4 Reasons Personalization is Hard to Do
Publishers are using personalization to drive a variety of editorial, sales, and audience development goals. But challenges still remain to make personalization as effective as possible and drive the results publishers want. Leaders from Hearst Magazines, Haymarket Media, and ALM cited a number of issues that their organizations needed to tackle in order to launch personalization initiatives. The executives spoke during a keynote panel at FUSE Forum: The Pursuit of Personalization in June. Following are four challenges they encountered as they launched personalization campaigns and how their teams surmounted them.
1. Building the “Golden Record”
Panelist Gene Bishop, VP of technology at ALM said building a “golden record” of the audience is critical to personalization. While the B2B publisher had massive amounts of data about its audience, pulling that together onto a single database and then extracting real insights from that database proved challenging. “We want to build what we call this ‘golden record’ of who the customer is and then use that in applications like Exact Target and Journey Builder,” said Bishop. “You can watch what your customers are doing and even develop new products as a result.”
To do this, ALM invested in a NoSQL database that brought together all of its data from a variety of platforms. The two-year process combined ALM’s data onto one platform, but it remained difficult to analyze this data and pull meaningful audience insights from the database. Bishop said ALM had focused so much on building the software that it had invested little time in considering the operations side and the people who needed to use this application. As a result, ALM is considering working with an outside provider to analyze its audience data and create a master record so that its teams can more easily glean insights about individuals audience members.
Michael Dugan, advisor to Hearst Magazines, agreed that analyzing and understanding the data is the real challenge. “You all probably have the data you need. It’s just [a question of] are you looking at it? Are you assembling it? Are you running it through the right platforms?”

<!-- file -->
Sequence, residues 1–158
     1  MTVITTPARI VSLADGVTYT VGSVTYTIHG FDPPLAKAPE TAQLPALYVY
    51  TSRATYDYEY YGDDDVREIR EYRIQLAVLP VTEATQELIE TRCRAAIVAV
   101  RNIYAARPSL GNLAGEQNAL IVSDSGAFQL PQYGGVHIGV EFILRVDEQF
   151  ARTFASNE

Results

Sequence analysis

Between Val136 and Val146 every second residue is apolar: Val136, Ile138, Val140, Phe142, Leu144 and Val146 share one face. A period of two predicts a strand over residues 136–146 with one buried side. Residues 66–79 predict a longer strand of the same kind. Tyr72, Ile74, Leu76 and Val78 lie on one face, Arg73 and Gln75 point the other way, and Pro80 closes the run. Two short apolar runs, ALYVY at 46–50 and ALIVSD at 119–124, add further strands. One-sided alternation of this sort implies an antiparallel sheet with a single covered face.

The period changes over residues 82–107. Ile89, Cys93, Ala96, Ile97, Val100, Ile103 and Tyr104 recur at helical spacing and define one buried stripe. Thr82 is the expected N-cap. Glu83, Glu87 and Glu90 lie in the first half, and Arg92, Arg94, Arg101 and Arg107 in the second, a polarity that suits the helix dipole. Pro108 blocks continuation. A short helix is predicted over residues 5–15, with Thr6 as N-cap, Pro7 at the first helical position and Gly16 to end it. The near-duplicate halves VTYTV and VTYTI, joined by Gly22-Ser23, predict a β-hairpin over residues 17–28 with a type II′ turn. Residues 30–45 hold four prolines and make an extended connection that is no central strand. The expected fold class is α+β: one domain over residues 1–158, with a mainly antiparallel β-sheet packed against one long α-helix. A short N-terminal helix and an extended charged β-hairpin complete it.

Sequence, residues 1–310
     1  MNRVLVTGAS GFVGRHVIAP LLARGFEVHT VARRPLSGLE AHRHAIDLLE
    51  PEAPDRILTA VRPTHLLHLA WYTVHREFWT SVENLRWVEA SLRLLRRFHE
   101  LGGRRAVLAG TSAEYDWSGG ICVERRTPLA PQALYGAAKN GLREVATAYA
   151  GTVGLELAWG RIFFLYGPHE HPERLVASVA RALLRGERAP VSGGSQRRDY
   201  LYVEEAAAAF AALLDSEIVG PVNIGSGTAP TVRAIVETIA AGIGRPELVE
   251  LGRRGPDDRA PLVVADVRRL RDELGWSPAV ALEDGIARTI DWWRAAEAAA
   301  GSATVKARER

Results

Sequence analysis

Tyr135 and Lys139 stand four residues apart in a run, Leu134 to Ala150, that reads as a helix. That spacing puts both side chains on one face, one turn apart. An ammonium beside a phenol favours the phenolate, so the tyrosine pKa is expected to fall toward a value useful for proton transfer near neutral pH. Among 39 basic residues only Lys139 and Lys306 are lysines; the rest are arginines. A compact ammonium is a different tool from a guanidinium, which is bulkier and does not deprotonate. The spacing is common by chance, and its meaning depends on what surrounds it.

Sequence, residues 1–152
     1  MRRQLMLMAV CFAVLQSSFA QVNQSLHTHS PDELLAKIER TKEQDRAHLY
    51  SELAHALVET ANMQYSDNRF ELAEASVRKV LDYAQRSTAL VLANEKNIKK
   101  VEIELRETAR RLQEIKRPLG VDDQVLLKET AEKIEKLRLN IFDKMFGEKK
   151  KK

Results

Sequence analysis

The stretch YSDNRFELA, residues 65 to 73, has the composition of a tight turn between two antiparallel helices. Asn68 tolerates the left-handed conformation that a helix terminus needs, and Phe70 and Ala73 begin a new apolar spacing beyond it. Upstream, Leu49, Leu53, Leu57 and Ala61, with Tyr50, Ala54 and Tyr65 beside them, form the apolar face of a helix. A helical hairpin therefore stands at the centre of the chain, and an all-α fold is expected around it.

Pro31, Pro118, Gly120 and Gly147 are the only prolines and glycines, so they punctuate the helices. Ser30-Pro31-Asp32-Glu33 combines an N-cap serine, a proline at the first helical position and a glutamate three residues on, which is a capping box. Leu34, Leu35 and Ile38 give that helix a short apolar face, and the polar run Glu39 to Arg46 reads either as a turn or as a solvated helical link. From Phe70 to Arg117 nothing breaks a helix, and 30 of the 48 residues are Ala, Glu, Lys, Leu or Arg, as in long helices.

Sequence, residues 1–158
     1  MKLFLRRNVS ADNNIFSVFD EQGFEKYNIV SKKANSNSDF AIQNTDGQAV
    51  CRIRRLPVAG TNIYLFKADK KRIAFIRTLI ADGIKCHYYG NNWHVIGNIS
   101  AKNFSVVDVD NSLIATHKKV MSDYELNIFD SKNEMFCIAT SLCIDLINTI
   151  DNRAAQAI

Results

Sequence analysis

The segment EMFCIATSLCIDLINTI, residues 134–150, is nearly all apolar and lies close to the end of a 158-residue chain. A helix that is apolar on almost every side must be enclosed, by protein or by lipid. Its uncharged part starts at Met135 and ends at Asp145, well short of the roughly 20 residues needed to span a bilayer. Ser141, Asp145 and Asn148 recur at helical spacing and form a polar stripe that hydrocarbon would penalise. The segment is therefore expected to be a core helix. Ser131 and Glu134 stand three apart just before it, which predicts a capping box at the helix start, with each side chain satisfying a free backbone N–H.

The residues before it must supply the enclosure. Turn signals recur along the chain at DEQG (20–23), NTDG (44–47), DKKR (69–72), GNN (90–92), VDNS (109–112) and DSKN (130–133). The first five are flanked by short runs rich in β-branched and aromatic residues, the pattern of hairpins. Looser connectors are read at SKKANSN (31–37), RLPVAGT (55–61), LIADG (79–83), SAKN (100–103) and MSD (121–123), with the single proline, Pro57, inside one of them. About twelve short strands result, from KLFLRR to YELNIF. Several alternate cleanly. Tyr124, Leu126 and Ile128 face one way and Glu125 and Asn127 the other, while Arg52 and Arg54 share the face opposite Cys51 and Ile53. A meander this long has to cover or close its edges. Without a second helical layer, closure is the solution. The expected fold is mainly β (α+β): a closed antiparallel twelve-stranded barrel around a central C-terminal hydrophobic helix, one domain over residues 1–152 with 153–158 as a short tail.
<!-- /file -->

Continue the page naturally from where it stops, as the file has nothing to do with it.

2. Personalization Changes the Sales Dynamic
Joshua Storch, senior director of email and data operations, said Haymarket Media is planning to use personalization to sell more valuable, targeted ads. “I think we’re ready to pivot the conversation so that a client doesn’t do run-of-site or an entire section or block of our audience,” said Storch. “We want to get our salespeople out there and convince these clients that you don’t need to pay X dollars to reach an audience of 100,000. You pay 2X dollars to reach an audience the quarter of the size, but we’ll get you more revenue because you have the right people looking at your ads.”
However, in order to have this conversation, salespeople need to be trained in a new way of selling, said Storch. Currently Haymarket is training its sales staff on how to use data insights to sell personalized ads to clients. Bishop agreed that data fluency among sales staff is crucial. “It’s going to be a dynamic shift in the way that salespeople have to sell,” he said.
3. Identifying the Right Signals for Personalization
Dugan said an effective personalization algorithm, that can recommend the right ads, stories, or subscription offers, needs to capture the right signals for audience interest. At Hearst, Dugan found geographic location was a surprisingly useful signal. “We found that regionally, people tend to consume a lot of the same content,” said Dugan. “We generated a little fly out unit that would kind of steer the visitor to the next article or piece of content. We drove clicks through that unit 25% higher than the human program.”
But Hearst soon realized that just because readers clicked on a story recommendation, didn't mean they stayed. They found that exit rates were high on recommended pieces. So Dugan and his team adjusted the algorithm to take into account other signals that indicate deep reader engagement like scroll, scroll speed, and stray mouse clicks. Dugan recommended publishers use these types of signals to identify user interest, not just clicks.
4. A Technology Solution Is Only Valuable If People Use It
All three panelists agreed that getting employee buy-in across editorial, sales, and marketing is necessary for the success of their personalization efforts. And getting colleagues to see the hidden value of personalization is an important task for technology gatekeepers. “The hurdles are actually the people,” said Storch. “You have to show them that it’s not just about hitting revenue numbers today. It’s about the future of your database -- it’s about reducing opt-outs. You may not see revenue immediately, but as we transform the way we communicate with our audience, as we give them messages that they want, we’ll see that revenue come back.”
Dugan added that showing the numbers, however logical they might be, won’t always earn buy-in for a new tool. Technology leaders must navigate the people and culture of an organization as well. “Don’t approach it from strictly a data-driven solution,” he said. “There is always going to be a human element…Be prepared to compromise in some areas that either don’t feel right to certain parts of the organization or don’t reflect the brand in ways that they want. Be careful to navigate that or people will quickly cool on your efforts. Consensus is vital.”